12 October 2022 - NW3343

Profile picture: Mhlongo, Mr TW

Mhlongo, Mr TW to ask the Minister of Sport, Arts and Culture

(1). With reference to the Theatre & Dance Policy Consultative Conference that was scheduled to take place on 2 and 3 September 2022, for which a certain person (name furnished) was awarded R993 000, (a) how was the amount awarded, (b) was there a public call for expressions of interest, (c) what are the terms of reference between the specified person and his department and (d) what are the budget line items. (2). what are the reasons that people and/or institutions who made submissions have been excluded from the conference when they have clearly demonstrated knowledge, expertise and an interest for engagement in the policy development process. (3). whether the conference has invited 20 delegates from each province; if not, what number was invited; if so, how (a) were the delegates selected and (b) do their skills and talent base reflect the nine focus areas of the conference?

Reply:

1. The amount awarded is based on the three quotations which were received. They were assessed and an appointment was made.

2. A Request for Quotations (RFQ) for a project within R 1 000 000, 00 Treasury Threshold was used.

3. Terms of References were detailed as indicated herein below:

This is a national policy which requires participation and input from DSAC, Task Team, Provincial Departments and theatre and dance sub sector organizations. The service provider will therefore be required to work closely with all indicated stake holders.

The service provider to use Treasury Remuneration rates (Category C Subcategory C2) to pay 18 Task Team Members attending National conference.

The service provider to submit a project close out report by September 30, 2022.

(d) This budget came from Goods and Services Budget item of the CCID Budget

2.According to the best knowledge of the Department no people and / organizations were deliberately excluded at the expense of the other hence a virtual link was created as an additional platform for everyone to participate in the conference.

1. The conference invited 10 Provincial Delegates per province.

a) These delegates were selected through a process that involved Theatre and Dance Task Team Members and Provincial Departments.

b) The guideline was to select active theatre and dance stakeholders who have insight and vision of how theatre and dance sector should be transformed to address the nine focus areas of the conference.

12 October 2022 - NW2927

Profile picture: Cebekhulu, Inkosi RN

Cebekhulu, Inkosi RN to ask the Minister of Trade, Industry and Competition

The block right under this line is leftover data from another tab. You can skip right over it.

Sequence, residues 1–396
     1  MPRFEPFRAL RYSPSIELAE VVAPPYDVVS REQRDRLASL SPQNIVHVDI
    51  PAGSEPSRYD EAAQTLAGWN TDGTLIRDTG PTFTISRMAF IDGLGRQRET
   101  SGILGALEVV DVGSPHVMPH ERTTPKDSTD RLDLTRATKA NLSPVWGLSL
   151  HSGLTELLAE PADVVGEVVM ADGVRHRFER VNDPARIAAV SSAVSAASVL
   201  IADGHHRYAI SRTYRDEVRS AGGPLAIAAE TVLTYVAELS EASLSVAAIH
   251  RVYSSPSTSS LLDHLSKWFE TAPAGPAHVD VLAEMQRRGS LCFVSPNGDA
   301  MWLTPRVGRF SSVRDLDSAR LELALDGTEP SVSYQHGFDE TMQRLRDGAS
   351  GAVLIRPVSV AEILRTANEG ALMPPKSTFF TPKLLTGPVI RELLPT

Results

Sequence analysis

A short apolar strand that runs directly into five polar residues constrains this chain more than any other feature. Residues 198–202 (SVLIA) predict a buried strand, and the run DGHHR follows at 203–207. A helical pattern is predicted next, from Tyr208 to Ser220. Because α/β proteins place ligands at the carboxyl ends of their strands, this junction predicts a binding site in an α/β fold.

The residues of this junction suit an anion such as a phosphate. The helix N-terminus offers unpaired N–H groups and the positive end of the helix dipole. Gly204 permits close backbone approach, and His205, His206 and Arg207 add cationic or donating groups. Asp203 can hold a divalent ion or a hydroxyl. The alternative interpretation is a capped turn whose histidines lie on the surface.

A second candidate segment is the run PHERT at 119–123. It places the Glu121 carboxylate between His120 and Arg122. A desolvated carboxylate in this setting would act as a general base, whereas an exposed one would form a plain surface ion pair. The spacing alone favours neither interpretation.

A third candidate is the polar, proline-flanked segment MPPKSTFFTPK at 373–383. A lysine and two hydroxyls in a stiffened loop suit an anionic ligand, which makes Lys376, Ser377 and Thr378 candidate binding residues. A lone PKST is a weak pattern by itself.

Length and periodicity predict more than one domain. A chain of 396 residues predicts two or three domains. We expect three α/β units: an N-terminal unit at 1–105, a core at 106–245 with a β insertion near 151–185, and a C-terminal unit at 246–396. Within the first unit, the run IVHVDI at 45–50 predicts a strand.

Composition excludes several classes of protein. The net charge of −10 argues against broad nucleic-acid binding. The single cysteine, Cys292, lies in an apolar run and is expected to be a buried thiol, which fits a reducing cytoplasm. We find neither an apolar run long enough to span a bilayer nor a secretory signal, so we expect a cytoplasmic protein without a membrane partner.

With reference to the European Union’s claims that the Republic’s temporary ban on the export of scrap metal is not aligned to the trade deals of the World Trade Organisation (WTO), what further steps has his department and/or the Government taken to (a) illustrate that ban of scrap metal is in line with the position of other states that have banned the sales of scrap metal and (b) ensure that it is not in contravention of WTO agreements in this regard?

Reply:

South Africa’s infrastructure is being stripped at an unprecedented rate with a substantially negative impact on government, citizens and the economy. The objective of the proposed measures (which include prohibition on scrap metal) is likely to lead to a material reduction in the theft of metal from the country's infrastructure. The details setting out the rationale for and proposed modalities of such restriction, were published in the Government Gazette for public comment.

Over the past decade research has pointed to 26 developing and developed countries (the latter including the European Union) who have imposed different forms of restrictions on the export of scrap metal for a variety of reasons, including environmental reasons or to ensure domestic supply. Some countries have imposed export restrictions on scrap metal to curb criminality and the destruction of infrastructure.

Government has consulted with external lawyers regarding the legality of the proposed measures and believe them to be compliant with international trade obligations.

-END-

12 October 2022 - NW3431

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Madlingozi, Mr BS to ask the Minister of Sport, Arts and Culture

1. Having heard how the creativity of Solomon Linda was abused by white persons both locally and abroad, what measures have been taken to assist poor, vulnerable and uneducated artists, so that they are not exposed to the same exploitation and slavery by unscrupulous producers and record company executives?

Reply:

We have vigorously supported the initiative by the Department of Trade, Industry and Competition in the development of the Copyright Amendment Bill and Performers Protection Bill, which have since been by the National Assembly and has sent them to the National Council of Provinces (NCOP) for concurrence. The main aim of the two bills is to protect the interest of the creative workers.

 

12 October 2022 - NW3494

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Joseph, Mr D to ask the Minister of Sports, Arts and Culture

(1). what is the status of (b) structures in each province; (2) what are the details of support programme offered by SA Rugby to the deaf sevens rugby team in view of their participation in the 2023 world cup in Cordoba, Argentina in 2023?

Reply:

South African Rugby provided the following information in response to the question;

There are no deaf rugby clubs in South Africa, all deaf rugby players play for amateur clubs in their area of residence, which is understandably problematic. SADRA’s aim is to implement more programmes in future to enable player numbers to grow and to establish their own clubs.